The Re-establishment of British Art
English Art, as well as being personally desirable, seemed to me long neglected or even abandoned, not only in this country but also in its homeland.
Paul Mellon, 1963
In April 1963, an exhibition of Paul Mellon’s collection of British art opened at the Virginia Museum of Fine Arts. Mellon and Taylor together selected the works to be shown, and Taylor hung them and wrote the exhibition catalogue. Leslie Cheek, director of the museum, organised the opening, which was attended by the elite of American and English society.
The exhibition consisted of 324 paintings and 127 drawings with galleries respectively dedicated to landscape, men and society, animals and sport, and subject pictures. Taylor and Mellon did not choose any formal portraits, as they felt they were already well represented in American galleries. Exhibited works included Hogarth’s The Beggar’s Opera, Canaletto’s Lord Mayor’s Procession, Zoffany’s (1733–1810) he Drummond Family, Gainsborough’s Richard Lloyd and Sister, Constable’s Hadleigh Castle, and Stubbs’ Zebra. The exhibition relaunched British art, and Mellon claims in his memoirs that the achievement was due to the efforts and wisdom of Basil Taylor. The show travelled to the Royal Academy in December 1964 and the Yale University Art Gallery in the spring of 1965. While at the Royal Academy, the show enjoyed good attendance, although the English press wondered why a man of Mellon’s means would buy British art when he could afford French masterpieces. Mellon, however, felt that at last English art had begun to achieve the status it deserved in the form of a collection that would soon enter the public realm.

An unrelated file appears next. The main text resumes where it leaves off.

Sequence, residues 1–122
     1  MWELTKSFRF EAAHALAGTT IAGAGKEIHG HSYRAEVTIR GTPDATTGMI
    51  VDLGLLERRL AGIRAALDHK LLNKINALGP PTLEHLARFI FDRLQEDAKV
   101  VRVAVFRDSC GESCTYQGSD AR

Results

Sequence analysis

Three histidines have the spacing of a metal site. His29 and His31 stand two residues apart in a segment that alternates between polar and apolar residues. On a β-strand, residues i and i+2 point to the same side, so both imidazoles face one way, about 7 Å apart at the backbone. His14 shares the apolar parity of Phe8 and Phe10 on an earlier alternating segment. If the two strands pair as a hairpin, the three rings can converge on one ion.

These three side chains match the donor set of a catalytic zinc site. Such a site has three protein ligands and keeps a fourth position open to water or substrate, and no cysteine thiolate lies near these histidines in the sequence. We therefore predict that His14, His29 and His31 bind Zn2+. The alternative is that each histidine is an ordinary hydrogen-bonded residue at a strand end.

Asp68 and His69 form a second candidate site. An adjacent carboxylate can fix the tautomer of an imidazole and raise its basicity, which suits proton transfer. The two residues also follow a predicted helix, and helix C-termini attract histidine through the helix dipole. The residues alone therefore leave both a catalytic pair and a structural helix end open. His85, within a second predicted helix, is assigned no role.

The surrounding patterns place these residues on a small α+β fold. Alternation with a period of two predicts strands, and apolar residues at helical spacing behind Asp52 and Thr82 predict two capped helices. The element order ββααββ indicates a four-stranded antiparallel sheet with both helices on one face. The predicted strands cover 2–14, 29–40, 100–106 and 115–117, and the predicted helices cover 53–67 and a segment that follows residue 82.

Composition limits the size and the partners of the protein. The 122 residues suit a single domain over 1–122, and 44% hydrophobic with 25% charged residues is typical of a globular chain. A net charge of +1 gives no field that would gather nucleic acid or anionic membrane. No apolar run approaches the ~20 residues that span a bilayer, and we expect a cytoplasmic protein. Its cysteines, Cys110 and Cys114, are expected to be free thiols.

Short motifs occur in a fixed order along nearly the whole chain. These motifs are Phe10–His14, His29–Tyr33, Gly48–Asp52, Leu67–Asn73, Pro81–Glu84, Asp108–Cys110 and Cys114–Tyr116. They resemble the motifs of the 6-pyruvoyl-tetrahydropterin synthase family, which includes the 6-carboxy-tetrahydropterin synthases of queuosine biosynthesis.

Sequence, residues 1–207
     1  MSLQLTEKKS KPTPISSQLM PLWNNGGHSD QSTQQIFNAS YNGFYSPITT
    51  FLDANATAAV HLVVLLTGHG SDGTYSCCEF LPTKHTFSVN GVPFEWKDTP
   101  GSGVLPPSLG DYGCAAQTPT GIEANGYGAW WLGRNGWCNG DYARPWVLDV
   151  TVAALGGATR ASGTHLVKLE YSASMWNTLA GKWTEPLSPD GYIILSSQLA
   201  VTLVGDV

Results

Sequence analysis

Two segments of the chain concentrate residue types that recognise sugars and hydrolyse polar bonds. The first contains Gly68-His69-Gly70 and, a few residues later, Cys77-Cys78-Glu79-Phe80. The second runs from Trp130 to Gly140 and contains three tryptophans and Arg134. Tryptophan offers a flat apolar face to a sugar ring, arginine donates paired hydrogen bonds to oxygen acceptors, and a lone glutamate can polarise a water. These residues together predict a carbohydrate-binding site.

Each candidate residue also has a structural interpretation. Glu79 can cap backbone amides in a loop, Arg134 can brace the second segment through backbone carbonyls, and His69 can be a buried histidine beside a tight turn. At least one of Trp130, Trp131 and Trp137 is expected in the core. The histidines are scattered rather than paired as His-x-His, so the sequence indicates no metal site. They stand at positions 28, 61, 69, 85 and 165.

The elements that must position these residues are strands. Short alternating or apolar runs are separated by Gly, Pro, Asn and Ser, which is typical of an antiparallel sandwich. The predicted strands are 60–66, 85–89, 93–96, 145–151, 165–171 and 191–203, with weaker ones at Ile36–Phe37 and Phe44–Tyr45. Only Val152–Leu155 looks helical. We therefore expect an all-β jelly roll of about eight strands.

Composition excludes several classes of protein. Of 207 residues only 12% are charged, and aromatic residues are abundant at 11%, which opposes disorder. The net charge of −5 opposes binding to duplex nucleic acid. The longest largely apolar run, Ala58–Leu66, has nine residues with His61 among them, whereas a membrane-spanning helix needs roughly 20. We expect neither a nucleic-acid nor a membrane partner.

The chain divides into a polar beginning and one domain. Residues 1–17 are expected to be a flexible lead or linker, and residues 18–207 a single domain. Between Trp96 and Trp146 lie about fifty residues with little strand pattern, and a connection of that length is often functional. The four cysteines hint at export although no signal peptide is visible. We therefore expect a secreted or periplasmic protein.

British Art in the Public Domain
In July 1963 Mellon decided to choose an American repository for his British collection. His preference was for the collection to be housed in either Washington DC or at Yale University. He owned a house in Washington across the road from Sir Edwin Lutyens’s (1869–1944) British Embassy, but he worried that the building was not big enough and that the metropolitan location would face parking problems. The National Gallery was deemed inappropriate because of its own space issues; Mellon feared that his collection might be dispersed throughout the National Gallery’s own collection, diluting its impact and wholeness as a collection of British works.
I thought of the Center as an ideal institution for the study of British art and only incidentally of British manners and customs, of its history and mores.
Paul Mellon, 1992
Stainless steel exterior of the Yale Center for British Art Photo: Norman McGrath
Mellon at last decided to donate his collection to Yale University and with it founded the Center for British Art. The Center is housed in a modernist building designed by Louis Kahn (1901–1974); Mellon referred to its ‘elegant style and fine proportions’. His primary goal in establishing the Center was to offer young people and scholars an immediate experience of British art at an American university known for its British studies. As Mellon’s extraordinary collection illustrates, his favoured period produced a wealth of celebrated art, most of which significantly influenced contemporary and future artists, and all of which is intrinsically English.
This text is abridged from the Royal Academy Education Department's guide, An American's Passion for British Art: Paul Mellon's Legacy, An Introduction to the Exhibition for Teachers and Students, by Lindsay Rothwell.
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